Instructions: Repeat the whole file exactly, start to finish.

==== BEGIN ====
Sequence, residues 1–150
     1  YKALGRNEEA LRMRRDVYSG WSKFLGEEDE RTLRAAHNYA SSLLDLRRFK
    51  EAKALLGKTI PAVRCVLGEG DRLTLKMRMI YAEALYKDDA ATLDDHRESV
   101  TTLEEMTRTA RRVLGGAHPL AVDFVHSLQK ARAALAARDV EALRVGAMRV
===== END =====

Sequence, residues 1–150
     1  YKALGRNEEA LRMRRDVYSG WSKFLGEEDE RTLRAAHNYA SSLLDLRRFK
    51  EAKALLGKTI PAVRCVLGEG DRLTLKMRMI YAEALYKDDA ATLDDHRESV
   101  TTLEEMTRTA RRVLGGAHPL AVDFVHSLQK ARAALAARDV EALRVGAMRV